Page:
• Season 7 is the shortest season, containing only 5 episodes. Season 4 is the longest, with 35.
  • Throughout Season 5's run, Chatterbox received many complaints that the show's animation was "too cartoony", with some complainers even stating they preferred Season 4's stiff animation. So as a result, Gary Sauls made Season 6 & 7's animation wackier than ever.
  • After almost 8 years of not being on the channel, reruns of the series returned to Cartoon Network on April 28, 2020, and lasted until July 3. The series had a timeslot of 6-7am EST on weekdays.
  • Production of the series officially ended in late 2004 out of Sauls' personal wishes, as he feared the show would end up "jumping the shark". However, this frustrated Warner Bros. to no end, as E&E was making them boatloads of money, and was the number-one series on Kids' WB for several years. As a result, they delayed the last five episodes of Season 6, which we all know as Season 7 today.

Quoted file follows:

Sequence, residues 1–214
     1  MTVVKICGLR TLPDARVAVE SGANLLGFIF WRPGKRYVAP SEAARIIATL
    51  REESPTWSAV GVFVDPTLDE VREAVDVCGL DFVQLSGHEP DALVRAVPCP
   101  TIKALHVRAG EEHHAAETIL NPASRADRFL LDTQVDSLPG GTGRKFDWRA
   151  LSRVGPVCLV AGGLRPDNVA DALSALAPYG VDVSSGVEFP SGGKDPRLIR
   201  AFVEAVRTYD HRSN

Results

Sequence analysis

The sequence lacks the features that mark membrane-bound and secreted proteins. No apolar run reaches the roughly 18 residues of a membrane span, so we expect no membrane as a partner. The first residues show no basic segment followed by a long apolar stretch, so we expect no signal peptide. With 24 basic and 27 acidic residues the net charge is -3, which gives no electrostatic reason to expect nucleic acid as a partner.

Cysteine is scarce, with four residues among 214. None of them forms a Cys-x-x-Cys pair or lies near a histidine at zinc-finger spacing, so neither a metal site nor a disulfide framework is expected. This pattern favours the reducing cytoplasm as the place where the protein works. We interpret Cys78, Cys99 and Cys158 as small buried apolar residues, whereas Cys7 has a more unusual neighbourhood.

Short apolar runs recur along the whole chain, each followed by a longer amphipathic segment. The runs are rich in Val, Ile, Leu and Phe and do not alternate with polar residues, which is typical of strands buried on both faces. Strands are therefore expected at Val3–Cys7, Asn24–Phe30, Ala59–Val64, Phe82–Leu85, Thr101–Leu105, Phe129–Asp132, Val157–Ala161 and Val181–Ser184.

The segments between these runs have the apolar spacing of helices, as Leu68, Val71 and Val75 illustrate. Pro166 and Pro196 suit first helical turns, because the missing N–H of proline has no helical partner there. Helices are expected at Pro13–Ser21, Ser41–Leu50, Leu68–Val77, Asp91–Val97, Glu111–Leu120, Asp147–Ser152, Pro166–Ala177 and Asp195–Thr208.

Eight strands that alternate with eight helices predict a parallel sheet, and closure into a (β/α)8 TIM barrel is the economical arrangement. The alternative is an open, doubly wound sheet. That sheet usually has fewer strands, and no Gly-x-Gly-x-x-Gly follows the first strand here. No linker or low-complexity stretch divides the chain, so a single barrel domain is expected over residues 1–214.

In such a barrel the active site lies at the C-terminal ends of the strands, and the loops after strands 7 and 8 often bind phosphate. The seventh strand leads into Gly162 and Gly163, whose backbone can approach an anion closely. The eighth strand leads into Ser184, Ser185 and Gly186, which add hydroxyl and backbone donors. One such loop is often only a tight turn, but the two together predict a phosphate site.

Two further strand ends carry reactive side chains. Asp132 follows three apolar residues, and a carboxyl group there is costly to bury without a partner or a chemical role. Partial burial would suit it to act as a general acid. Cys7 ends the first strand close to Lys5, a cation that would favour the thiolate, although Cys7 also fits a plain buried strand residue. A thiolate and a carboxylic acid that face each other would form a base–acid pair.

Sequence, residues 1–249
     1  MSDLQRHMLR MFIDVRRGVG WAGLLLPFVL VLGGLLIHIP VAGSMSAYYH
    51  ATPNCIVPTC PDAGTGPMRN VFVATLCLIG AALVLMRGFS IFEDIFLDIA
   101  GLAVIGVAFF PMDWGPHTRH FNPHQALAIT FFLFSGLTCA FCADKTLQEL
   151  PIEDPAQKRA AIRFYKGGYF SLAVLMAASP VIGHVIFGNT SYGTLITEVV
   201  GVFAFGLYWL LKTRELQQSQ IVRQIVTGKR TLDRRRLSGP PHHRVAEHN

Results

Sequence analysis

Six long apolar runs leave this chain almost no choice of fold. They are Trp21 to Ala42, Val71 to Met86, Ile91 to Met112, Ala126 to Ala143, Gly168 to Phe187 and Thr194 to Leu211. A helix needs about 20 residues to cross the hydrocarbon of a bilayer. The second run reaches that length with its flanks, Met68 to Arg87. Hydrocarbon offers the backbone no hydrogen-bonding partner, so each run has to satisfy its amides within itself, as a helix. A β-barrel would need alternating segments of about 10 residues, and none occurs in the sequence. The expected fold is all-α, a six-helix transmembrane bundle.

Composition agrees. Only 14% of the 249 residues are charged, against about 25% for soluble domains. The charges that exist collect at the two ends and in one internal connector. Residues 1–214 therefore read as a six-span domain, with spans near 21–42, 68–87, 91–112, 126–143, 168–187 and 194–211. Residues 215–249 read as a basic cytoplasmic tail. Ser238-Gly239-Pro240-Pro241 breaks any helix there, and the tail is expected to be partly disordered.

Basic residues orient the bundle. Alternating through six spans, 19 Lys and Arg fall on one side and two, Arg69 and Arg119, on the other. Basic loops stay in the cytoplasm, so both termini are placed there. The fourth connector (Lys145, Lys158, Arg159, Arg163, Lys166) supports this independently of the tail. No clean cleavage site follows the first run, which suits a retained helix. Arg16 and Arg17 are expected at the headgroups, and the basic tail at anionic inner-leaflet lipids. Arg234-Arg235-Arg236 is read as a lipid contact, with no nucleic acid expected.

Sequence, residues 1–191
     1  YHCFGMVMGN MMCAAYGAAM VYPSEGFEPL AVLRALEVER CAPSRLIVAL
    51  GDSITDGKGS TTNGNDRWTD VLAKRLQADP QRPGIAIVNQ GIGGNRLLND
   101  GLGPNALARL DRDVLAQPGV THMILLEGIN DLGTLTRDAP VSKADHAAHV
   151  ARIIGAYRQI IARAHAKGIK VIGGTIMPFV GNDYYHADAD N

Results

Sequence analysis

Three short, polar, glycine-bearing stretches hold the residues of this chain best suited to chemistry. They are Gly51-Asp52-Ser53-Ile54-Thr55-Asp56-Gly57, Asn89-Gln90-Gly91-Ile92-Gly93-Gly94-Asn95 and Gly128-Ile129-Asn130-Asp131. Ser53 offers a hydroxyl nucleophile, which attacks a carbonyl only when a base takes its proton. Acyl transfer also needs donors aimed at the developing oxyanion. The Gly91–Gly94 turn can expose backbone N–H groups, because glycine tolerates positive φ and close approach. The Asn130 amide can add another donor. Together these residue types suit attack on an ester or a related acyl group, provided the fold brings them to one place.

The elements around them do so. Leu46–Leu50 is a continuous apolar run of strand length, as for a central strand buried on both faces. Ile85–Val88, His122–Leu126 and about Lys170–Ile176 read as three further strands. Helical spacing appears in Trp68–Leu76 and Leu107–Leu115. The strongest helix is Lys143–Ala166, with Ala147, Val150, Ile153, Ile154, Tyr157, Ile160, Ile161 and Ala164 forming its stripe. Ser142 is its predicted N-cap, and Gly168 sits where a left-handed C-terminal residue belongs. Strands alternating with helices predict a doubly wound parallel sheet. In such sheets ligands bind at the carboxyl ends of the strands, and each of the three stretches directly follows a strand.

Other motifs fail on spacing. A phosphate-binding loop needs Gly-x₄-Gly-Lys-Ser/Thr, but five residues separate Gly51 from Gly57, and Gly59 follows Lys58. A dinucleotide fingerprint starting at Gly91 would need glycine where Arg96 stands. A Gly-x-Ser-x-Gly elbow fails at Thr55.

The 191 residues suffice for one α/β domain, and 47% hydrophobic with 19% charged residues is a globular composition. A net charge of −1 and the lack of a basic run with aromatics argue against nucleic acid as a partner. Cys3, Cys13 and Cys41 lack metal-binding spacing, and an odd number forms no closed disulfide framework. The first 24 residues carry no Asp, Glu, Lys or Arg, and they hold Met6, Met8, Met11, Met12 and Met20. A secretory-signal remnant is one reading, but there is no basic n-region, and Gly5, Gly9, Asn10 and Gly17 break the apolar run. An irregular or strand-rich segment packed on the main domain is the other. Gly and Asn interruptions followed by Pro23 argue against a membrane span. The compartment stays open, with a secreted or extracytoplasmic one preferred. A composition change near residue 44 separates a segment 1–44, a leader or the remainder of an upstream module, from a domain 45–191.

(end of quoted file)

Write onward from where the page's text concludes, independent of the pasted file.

• A few other Season 6 episodes and the entirety of Season 7 were already way ahead of the United States in practically every other country. In fact, Season 7 completely aired in 2005 in most countries, and in the US, it was released on DVD before getting televised.
  • Edward and Eric is one of the very few cartoons where characters wear different clothes in each episode (although Constantinos is an exception due to his poverty).
  • Every adolescent character is voiced by an adult, except for Eric. This was because during the middle stages of development on the series, Sauls felt a child actor would fit perfectly with Eric's character.